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  #1  
Old 02-24-2008, 02:31 PM
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Join Date: Nov 2001
Location: California
Vehicle: 1998 Ford F150 4X4
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Driving in 4wd on paved roads in the snow!

Hey all its been a little while since I posted here, but I thought this might be a good question for all my fellow f-150 drivers out there.

I live in Northern California in Redding and spend some time on the highways in the winter. My question is that when the chain controls go up I kick it into 4wd and go. Is there a limit to the number of miles that I can drive in 4wd or should drive in 4wd?

I remember hearing about disconnecting the front drive shaft when driving a long distance in 4wd but am not sure.

Thanks everyone for your help and its nice to be back on the forums.

TDawg
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  #2  
Old 02-24-2008, 03:20 PM
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Quote:
Originally Posted by TDawg
Hey all its been a little while since I posted here, but I thought this might be a good question for all my fellow f-150 drivers out there.

I live in Northern California in Redding and spend some time on the highways in the winter. My question is that when the chain controls go up I kick it into 4wd and go. Is there a limit to the number of miles that I can drive in 4wd or should drive in 4wd?

I remember hearing about disconnecting the front drive shaft when driving a long distance in 4wd but am not sure.

Thanks everyone for your help and its nice to be back on the forums.

TDawg
No limit or anything like that, but if the roads are clear just pull it/switch it back to 2wd. What do you mean by disconnecting the front drive shaft while in 4x4? Why would you disconnect it, then 4 wheel drive would be inop.
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  #3  
Old 02-24-2008, 03:24 PM
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I drove three hundred miles in the snow once. Kept it under 40. I think after 175k miles of driving, the truck had been driven maybe 600 in 4 wheel drive.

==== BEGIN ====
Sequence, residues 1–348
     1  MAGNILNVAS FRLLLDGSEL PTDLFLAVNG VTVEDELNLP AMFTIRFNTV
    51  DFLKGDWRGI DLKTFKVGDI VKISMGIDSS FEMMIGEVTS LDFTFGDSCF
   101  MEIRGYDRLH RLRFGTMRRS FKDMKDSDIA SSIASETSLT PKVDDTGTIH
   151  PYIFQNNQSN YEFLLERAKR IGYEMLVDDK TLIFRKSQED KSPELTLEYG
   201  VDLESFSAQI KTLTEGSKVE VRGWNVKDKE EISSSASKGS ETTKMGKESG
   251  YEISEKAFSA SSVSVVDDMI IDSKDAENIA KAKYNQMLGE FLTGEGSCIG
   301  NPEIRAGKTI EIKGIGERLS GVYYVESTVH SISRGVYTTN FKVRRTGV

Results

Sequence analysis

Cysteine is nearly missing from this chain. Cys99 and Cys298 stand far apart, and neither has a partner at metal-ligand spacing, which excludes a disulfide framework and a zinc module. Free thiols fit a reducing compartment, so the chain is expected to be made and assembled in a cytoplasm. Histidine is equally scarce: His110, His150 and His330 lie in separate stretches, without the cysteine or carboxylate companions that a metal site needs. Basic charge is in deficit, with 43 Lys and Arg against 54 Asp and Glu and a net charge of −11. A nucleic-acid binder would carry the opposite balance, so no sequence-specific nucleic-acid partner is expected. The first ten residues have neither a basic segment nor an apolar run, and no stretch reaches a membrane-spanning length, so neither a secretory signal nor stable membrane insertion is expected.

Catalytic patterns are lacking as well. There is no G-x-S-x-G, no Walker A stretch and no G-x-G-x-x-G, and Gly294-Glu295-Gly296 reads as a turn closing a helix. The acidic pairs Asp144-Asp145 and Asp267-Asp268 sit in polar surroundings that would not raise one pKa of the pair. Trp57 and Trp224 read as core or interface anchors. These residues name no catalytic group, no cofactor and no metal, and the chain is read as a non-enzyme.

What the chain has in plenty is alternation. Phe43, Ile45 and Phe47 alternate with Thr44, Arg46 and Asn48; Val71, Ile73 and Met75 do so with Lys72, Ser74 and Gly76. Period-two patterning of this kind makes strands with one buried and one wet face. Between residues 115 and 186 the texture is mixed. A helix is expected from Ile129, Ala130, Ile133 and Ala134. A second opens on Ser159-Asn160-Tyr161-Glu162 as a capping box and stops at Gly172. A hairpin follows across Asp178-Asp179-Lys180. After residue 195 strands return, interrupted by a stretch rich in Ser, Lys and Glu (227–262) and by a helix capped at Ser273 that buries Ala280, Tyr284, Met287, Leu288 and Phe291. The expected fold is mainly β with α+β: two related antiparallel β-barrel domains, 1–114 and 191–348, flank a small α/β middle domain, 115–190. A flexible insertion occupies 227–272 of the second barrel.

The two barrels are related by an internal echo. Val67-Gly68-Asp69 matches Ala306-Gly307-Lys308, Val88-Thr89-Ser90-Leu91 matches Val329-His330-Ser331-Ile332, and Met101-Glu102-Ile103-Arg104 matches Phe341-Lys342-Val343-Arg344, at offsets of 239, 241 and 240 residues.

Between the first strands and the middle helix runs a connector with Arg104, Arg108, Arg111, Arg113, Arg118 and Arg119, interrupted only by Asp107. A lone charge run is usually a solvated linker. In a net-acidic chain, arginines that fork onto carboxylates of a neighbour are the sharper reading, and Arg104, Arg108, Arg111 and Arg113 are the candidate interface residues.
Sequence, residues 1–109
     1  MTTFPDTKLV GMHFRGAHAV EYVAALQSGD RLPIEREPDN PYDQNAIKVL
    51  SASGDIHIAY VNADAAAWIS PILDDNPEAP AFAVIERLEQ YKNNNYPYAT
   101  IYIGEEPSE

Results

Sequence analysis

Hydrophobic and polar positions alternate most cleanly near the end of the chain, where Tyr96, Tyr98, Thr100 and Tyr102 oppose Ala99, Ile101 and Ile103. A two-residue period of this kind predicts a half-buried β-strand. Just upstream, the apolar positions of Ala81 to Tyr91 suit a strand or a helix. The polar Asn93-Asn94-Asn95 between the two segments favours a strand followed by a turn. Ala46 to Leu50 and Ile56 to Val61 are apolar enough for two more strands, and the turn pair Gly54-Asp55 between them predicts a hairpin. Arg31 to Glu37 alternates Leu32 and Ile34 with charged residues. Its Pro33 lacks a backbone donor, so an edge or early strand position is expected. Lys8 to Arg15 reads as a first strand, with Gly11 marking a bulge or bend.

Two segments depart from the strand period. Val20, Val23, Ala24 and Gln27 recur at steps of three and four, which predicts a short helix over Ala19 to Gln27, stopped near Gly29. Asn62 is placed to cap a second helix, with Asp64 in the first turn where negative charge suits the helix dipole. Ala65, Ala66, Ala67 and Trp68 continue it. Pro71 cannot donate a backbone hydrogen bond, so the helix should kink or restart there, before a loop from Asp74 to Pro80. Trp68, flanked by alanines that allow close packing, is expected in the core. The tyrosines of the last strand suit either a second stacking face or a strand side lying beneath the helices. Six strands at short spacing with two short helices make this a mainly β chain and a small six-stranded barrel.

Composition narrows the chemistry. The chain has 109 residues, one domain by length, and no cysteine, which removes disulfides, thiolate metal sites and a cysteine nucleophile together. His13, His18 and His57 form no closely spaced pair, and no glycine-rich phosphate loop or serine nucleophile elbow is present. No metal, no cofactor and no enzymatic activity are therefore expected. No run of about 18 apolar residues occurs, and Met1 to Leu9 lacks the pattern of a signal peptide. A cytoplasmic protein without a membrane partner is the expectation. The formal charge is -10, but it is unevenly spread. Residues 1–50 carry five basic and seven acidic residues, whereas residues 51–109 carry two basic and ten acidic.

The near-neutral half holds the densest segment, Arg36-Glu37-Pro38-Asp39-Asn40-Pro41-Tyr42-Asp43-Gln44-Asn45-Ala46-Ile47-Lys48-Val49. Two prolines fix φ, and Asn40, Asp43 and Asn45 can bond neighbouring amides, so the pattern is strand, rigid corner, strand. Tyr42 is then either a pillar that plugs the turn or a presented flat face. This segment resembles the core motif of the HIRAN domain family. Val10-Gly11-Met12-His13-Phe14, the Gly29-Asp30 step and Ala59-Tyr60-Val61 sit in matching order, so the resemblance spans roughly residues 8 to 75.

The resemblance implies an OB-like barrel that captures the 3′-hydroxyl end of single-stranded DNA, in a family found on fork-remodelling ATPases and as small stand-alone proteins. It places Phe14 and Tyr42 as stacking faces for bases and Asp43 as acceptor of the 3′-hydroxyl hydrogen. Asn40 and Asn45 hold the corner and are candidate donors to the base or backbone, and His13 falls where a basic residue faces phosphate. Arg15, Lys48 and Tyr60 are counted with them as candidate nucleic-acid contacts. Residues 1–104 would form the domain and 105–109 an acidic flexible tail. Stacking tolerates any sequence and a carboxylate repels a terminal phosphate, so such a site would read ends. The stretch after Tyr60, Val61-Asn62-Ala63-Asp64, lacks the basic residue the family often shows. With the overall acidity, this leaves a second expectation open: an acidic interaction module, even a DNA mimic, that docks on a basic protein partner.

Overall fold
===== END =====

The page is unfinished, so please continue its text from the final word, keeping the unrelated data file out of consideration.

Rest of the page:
As to disconnecting something, maybe that is if you towed the truck?
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  #4  
Old 02-24-2008, 03:25 PM
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you can disconnect the front drive shafto on an all wheel drive suv if you want better gas milage. iv seen quite a few grand cherokees with this done.

as far as 4wd, i have driving quite far in 4wd. just as soon as you dont need it shut it off. your not going to do any damage as long as the roads are slippery. but if you drove in 4wd on dry roads for a while you would start to wear parts down alot faster
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Old 02-24-2008, 03:28 PM
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Quote:
Originally Posted by NoLongerJeepin
you can disconnect the front drive shafto on an all wheel drive suv if you want better gas milage. iv seen quite a few grand cherokees with this done.

as far as 4wd, i have driving quite far in 4wd. just as soon as you dont need it shut it off. your not going to do any damage as long as the roads are slippery. but if you drove in 4wd on dry roads for a while you would start to wear parts down alot faster
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  #6  
Old 02-25-2008, 03:03 AM
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Cool thank you! For disconnecting the front axle I thought I was referring to something that was recommend by ford for driving a long distance in 4wd.

As always awesome info here,

TDawgbass
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  #7  
Old 02-25-2008, 09:03 AM
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Quote:
Originally Posted by TDawgBass
Cool thank you! For disconnecting the front axle I thought I was referring to something that was recommend by ford for driving a long distance in 4wd.

As always awesome info here,

TDawgbass
It was probably to DISENGAGE the 4x4 when on dry pavement and driving long distances. If you are using the 4x4 on slippery roads, and then they get to the point that they are no longer slippery, take it out of 4x4 and you will be fine.
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  #8  
Old 02-27-2008, 09:42 AM
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Quote:
Originally Posted by TDawgBass
Cool thank you! For disconnecting the front axle I thought I was referring to something that was recommend by ford for driving a long distance in 4wd.

As always awesome info here,

TDawgbass
There are discussions about flat towing a 4x4 long distances. The problem is that the drive shaft turns with the wheels. This turns the input shaft of the t-case. As the t-case is bolted to the transmission it will turn the output shaft of the transmission. In an automatic this is a no no. I flat towed my wife's Explorer over 1500 miles with the rear drive shaft removed and the t-case set to 2Hi. I could have installed a neutral kit that shifts the t-case into neutral but it was a lease. For an AWD t-case without the 2Hi setting you need to remove both drive shafts or find a neutral kit. There used to be a note in the Explorers owners manuals about flat towing that mentioned the neutral kit.

Regards

Jean Marc Chartier
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Old 02-27-2008, 09:42 AM


 
 
 
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